Question: If training first thing in the morning do you recommend eating before or not? The answer to this is largely down to personal preference. Try to consume either BCAAs or Protein powder pre-training to avoid potential loss of lean muscle tissue if you cannot stomach food first thing in the morning. Whole foods always reign supreme but may not be practical if it means sacrificing sleep by getting up extra early to eat and digest food before you train.

Question: Is it true that you should not drink water within 2 hours of eating because it negatively impacts your body’s digestive processes? No, your body will produce more stomach acid in response to increased water intake.

Question: If you’re under calories one day is it ok to ‘catch up’ on another day as long as weekly total is ok? Yes absolutely. It is probably more practical to think of calories weekly rather than daily. One bad or good day in isolation has little impact on the body. So for example, if your daily calorie goal is 2,000 calories (14,000 calories weekly), you could have a week that looks like this: -

Monday: 2,000 cals
Tuesday: 2,000 cals
Wednesday: 2,000 cals
Thursday: 2,000 cals
Friday: 3,300 cals (social event friday night with alcohol)
Saturday: 1,400 cals
Sunday; 1,300 cals

So from the example above, the person has eaten in a larger calorie deficit for the 2 days after Friday to make up for the extra calories consumed. 

Take Home Message: One bad day won't make or break your results!!

Question: How strong is the link between being less stressed/getting better/longer sleep and fat loss? It is probably better to view this question the other way round. How much impact does being stressed and having poor sleep have on fat loss? The answer is a HUGE impact. Stress per se isn't bad. CHRONIC stress, however, is bad. Chronic stress will result in chronically elevated cortisol levels. It has been shown in the research that stress has negative impacts on strength levels, has a large negative impact on recovery between sessions and risk of injuries doubled. As a result stressed trainees need less training frequency and/or volume to enable them to recover from training.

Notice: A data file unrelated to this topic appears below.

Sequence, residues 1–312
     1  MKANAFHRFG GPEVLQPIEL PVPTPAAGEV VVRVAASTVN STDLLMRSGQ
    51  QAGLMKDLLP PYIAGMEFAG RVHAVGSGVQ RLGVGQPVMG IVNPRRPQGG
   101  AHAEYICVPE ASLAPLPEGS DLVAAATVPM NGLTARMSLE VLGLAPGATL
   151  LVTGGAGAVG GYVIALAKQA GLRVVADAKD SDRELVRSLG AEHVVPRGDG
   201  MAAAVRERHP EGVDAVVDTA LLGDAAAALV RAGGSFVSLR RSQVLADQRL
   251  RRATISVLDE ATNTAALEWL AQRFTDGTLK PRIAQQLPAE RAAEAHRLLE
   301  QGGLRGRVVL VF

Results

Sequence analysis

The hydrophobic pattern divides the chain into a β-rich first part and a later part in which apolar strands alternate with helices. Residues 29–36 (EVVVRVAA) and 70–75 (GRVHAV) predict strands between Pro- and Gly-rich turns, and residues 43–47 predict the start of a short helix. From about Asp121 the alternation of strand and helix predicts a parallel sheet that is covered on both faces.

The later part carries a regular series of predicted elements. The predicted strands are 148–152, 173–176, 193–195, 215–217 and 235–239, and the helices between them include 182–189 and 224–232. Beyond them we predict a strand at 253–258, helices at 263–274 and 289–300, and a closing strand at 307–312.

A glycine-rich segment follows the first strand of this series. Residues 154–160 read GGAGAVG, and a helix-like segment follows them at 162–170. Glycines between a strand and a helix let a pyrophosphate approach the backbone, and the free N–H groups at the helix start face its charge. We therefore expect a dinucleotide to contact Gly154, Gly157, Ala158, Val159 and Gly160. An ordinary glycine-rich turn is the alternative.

With regard to nutrition stress impacts in the following ways: -

  • Stress antagonises testosterone, resulting in decreased nutrient partitioning (i.e. more calories stored as fat rather than being used to build muscle tissue)
  • A study by Habash et al (2015) found that stressful life events caused decreased TEF of 105kcal, increased insulin secretion and impaired fat oxidation. The authors of the study conclude that the stressors observed in their study could account for 5kgs of fat gain over the course of a year.

Poor sleep has been associated with: -

  • Increased appetite
  • Decreased testosterone production
  • Unfavourable alterations in nutrient partitioning
  • Increased insulin resistance
  • Decreased well being 
  • Decreased cognitive function

So as you can see, managing stress and ensuring you get good sleep should be high up on your list of priorities if fat loss (or muscle gain) is the goal. Ignore these factors at your peril.